Hi-tech ... the Hobart Class Air Warfare destroyer. (image: News Corp Australia)
11.03.2014 Defense Studies
AN $8.5 billion taxpayer-funded “alliance’’ to build three hi-tech navy warships was a multi-tiered debacle, government auditors have found.
The Air Warfare Destroyer Alliance is running two years late, is $302 million over budget and is bleeding money at the rate of $1 million a week, according to well placed sources.
The auditors also revealed that the original premium for building the three ships in Australia rather than purchasing “off-the-shelf’’ overseas was $1 billion.
That is a 30 per cent taxpayer subsidy to the ship builders.
“The cost increase is likely to be significantly greater (than $302 million),’’ the document said.
The Australian National Audit Office (ANAO) report could spell the end for government ownership of the ASC shipyard in Adelaide and, according to government sources, it draws a line in the sand for the whole Australian naval shipbuilding industry.
“Defence and its industry advisers underestimated the risks associated with incorporating the design changes to Navantia’s F-104 design, exporting that design to Australia ... built at shipyards that lacked recent experience in warship building,’’ the audit report said.
The 320-page document slams the government’s defence purchasing agency, the Defence Materiel Organisation (DMO), and its management of an alliance that includes the government-owned Adelaide shipbuilder ASC and American defence giant Raytheon.
Under the alliance the DMO is both buyer and supplier.
“It was costing ASC, the lead ship builder, $1.60 to produce work that was originally estimated to cost $1,’’ the report said.
“It was not until 2013 that the Alliance put in place extensive key performance measures.’’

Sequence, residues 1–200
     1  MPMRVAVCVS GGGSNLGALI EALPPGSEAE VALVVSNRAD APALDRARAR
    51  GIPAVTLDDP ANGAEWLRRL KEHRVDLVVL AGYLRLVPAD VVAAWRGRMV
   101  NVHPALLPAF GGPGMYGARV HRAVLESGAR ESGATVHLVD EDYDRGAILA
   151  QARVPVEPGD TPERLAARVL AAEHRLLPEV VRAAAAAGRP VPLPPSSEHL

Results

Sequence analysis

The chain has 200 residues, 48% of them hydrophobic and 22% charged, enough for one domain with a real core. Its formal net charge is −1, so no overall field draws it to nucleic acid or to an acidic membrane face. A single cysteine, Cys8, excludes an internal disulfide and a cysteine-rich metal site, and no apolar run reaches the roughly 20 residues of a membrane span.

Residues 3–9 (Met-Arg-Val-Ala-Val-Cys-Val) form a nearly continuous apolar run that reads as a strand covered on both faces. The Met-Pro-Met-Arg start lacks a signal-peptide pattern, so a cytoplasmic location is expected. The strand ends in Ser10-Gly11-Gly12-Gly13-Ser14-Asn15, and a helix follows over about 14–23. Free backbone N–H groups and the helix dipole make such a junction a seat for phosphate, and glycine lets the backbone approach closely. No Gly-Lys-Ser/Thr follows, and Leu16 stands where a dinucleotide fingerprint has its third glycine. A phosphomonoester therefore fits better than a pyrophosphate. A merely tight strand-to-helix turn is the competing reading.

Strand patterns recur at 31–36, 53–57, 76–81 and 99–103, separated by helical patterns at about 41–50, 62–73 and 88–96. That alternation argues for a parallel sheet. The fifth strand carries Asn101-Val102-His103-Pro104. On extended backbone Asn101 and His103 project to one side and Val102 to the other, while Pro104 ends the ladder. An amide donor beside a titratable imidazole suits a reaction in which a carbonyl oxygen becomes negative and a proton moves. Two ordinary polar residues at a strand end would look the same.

The Adelaide-based alliance began in 2007 and was the brainchild of the head of DMO Warren King.
The first ship, HMAS Hobart, was due for delivery to the navy this year but has been delayed until at least 2016.
The ships’ designer and hull-maker Spanish shipbuilder Navantia, the Melbourne-based block builder BAE Systems and the Newcastle-based Forgacs shipyard are all strongly criticised for a long list of failings, including dodgy block build practices and poor drawings.
The substandard drawings meant that many already installed watertight doors had to be moved 150mm so they could meet Australian safety standards.
One of the most damaging findings of the report appears on page 232 where the auditors reveal that 570 of 2,000 Chinese-made pipes were removed from the first ship, HMAS Hobart, because they were substandard and potentially dangerous.
“A supply chain failure led to the installation of defective pipes into the ship,’’ the report said.
The pipes were purchased by ASC — the company that wants to build the navy’s next generation submarine for more than $30 billion.
“They (ASC) haven’t done themselves any favours in justifying why they should build the new submarine,’’ a high-level source said.
The key lesson from the report is that Australian industry did not have the capability to undertake such a complex project.
This raises serious questions about whether or not governments should continue to prop-up Australian naval shipbuilders at high taxpayer premiums or buy off-the-shelf from more efficient overseas yards.
It is understood that the Abbott Government favours an Australian naval shipbuilding industry — but not at any cost.
The report was welcomed by Defence Minister David Johnston who agreed with its three recommendations to appoint a high-level project overseer and implement a new design review process and better performance monitoring.
* Air Warfare Destroyer two years late and $300 million over budget
* $1 billion premium for Australian build
* Risks under estimated
* ASC likely to be sold
* Naval shipbuilding under a cloud